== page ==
For just as each of us has one body with many members, and these members do not all have the same function, so in Christ we, though many, form one body, and each member belongs to all the others.
-Romans 12:4-5

Wednesday, June 18, 2014

Good News for the Persecuted

Good News for the Persecuted
OCMC 6/15/14
Acts 16:16-34; Matthew 5:10
            First of all I would like to wish all the fathers and grandfathers with us today a very Happy Fathers Day!  May God bless you and continue to give you wisdom and grace as you father your children and grandchildren.         
Today we are ending our sermon series on the beatitudes.  Pastor Leonard said we’ve saved the best for last!  I don’t know, I’ve not been too enthused about this persecution beatitude. In fact last month Pastor Leonard was talking about the beatitude he was working on and was saying it wasn’t very exciting or inspiring and he asked “Can you think of worse beatitude than this one?” and I was like “Hello?  Persecution?”   It’s not like “blessed are the peacemakers” or “blessed are the merciful” or “blessed are the pure in heart.”  The other beatitudes highlight some admirable quality and we’d like to have these qualities.  But I don’t really think of persecution as being an admirable quality to have.  It tends to be something we’d like to avoid if possible. To be persecuted means to be harassed or mistreated.  It sounds painful and unpleasant.  It involves people being evil to one another and that’s something we as Christians are supposed to be working against.  So when I first started working on this sermon, it was hard to get into it.  Actually I’ve been working on it for about 3 weeks and that’s unusual for me.  It usually doesn’t take that long for one to come together.
 I finally realized the problem I was having was the word “persecuted”.  It was taking over the whole beatitude for me and it was hard for me to see what else was there.  It was persecuting me!  So I took it out of the verse.  I just decided to ignore it for a little bit and look for what else might be there and that’s when I was able to focus on the word “righteousness”.  This word refers to God’s saving acts but it also indicates a relationship.  Through God’s saving acts we who trust in Christ are brought into a new relationship with God.  We have a new status as righteous.  It means we’ve been placed into a “right” relationship with God.  We receive this as a gift from God but it places responsibilities on us.  In this new status, God has some claim on our conduct.  We are to live as righteous people.  It’s like if I were to come into your home as a guest, you would have some claim on my conduct.  If you wanted me to take my shoes off at the door, I would need to do that because it’s your house and I’m your guest.  When God brings us into this new relationship of “righteous” He brings us into His household.  Paul writes in Eph. 2:19 that we are “no longer foreigners and aliens, but fellow citizens with God’s people and members of God’s household.”  So He has a say over how we live as members of His household.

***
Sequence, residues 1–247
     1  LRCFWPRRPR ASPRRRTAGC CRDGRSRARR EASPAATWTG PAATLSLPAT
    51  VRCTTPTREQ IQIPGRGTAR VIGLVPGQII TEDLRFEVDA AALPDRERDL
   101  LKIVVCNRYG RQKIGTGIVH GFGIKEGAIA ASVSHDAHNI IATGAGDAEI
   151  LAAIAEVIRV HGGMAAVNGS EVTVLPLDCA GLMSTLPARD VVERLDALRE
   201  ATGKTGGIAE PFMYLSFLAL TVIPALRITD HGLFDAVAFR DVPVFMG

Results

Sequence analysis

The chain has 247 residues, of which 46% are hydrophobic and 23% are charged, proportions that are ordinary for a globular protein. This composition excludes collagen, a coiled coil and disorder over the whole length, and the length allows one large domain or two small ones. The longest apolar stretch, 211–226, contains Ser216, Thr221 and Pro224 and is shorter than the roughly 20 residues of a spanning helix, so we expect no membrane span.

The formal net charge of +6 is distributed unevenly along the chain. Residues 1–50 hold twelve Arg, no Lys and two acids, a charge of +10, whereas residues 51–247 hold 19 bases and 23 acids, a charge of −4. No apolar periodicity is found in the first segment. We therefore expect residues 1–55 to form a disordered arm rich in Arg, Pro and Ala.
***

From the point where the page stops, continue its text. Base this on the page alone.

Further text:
So now we can go back and add in “persecution” and we see that Jesus is saying “blessed are those who are persecuted because they are in right relationship with God and are living according to the standards of conduct for the members of God’s household.”  The reason for the persecution is because we are doing the right thing.  Peter writes “It is better, if it is God’s will, to suffer for doing good than for doing evil (3:17)…If you suffer, it should not be as a murderer or thief or any other kind of criminal, or even as a meddler.  However, if you suffer as a Christian, do not be ashamed, but praise God that you bear that name.” (4:15-16).  So the beatitude started to sound a little better to me as I unpacked that word “righteous”.  Being in right relationship with God, and living as members of His household are supposed to live, may invite some persecution from those who are not members of God’s household and don’t live as God wants us to live.  It’s a fact of life as a Christian.  Not everyone is going to like us or like what we stand for and how we live.  And they will let us know.  Jesus is telling us this right at the beginning of his sermon. 
But then I got hung up on the word “blessed.”  No matter how I tried, I couldn’t see blessing in being persecuted, even if the persecution is because of being in right relationship with God and living as He wants members of His household to live.  So I decided to consult a Bible commentary and see what someone else thought about this.  In NT Wright’s commentary on Matthew he translates the word “blessed” as “wonderful news” or “good news.”  Jesus is announcing good news here at the beginning of his sermon. “Good news to you who are poor in spirit.  Yours is the kingdom of heaven.  Good news to you who mourn.  You will be comforted.  Good news to you who are meek.  You will inherit the earth.  Good news to you who hunger and thirst for righteousness.  You will be filled.  Good news to you who are merciful.  You will be shown mercy. Good news to you who are pure in heart.  You will see God.  Good news to you who are peacemakers.  You will be called children of God.  Good news to you who are persecuted because you are in right relationship with God and are living as members of His household.  Yours is the kingdom of heaven.”  Good News!  This announcement of Good News begins and ends with the declaration “that the kingdom of heaven is ours.”